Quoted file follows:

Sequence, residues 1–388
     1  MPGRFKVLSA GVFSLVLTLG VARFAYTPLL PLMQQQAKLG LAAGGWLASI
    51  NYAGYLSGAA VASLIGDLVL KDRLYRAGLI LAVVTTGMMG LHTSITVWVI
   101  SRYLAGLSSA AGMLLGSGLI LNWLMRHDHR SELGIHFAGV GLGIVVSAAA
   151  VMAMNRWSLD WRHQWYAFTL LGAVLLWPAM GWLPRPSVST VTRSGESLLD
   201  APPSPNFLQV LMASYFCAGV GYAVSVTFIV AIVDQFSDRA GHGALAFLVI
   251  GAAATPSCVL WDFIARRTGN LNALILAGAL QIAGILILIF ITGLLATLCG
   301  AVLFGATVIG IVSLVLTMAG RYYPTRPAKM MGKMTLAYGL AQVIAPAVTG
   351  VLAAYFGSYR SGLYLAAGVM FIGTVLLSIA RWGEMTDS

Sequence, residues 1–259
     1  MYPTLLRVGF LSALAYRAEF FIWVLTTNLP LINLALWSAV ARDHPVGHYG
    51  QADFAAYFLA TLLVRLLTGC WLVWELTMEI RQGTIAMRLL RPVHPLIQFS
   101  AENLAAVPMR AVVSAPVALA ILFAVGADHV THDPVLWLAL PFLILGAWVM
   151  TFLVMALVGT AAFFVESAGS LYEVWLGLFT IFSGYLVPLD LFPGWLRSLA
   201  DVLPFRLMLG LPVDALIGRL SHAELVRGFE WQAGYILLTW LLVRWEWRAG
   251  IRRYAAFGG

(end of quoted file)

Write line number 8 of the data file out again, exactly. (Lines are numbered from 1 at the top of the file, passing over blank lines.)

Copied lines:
   301  AVLFGATVIG IVSLVLTMAG RYYPTRPAKM MGKMTLAYGL AQVIAPAVTG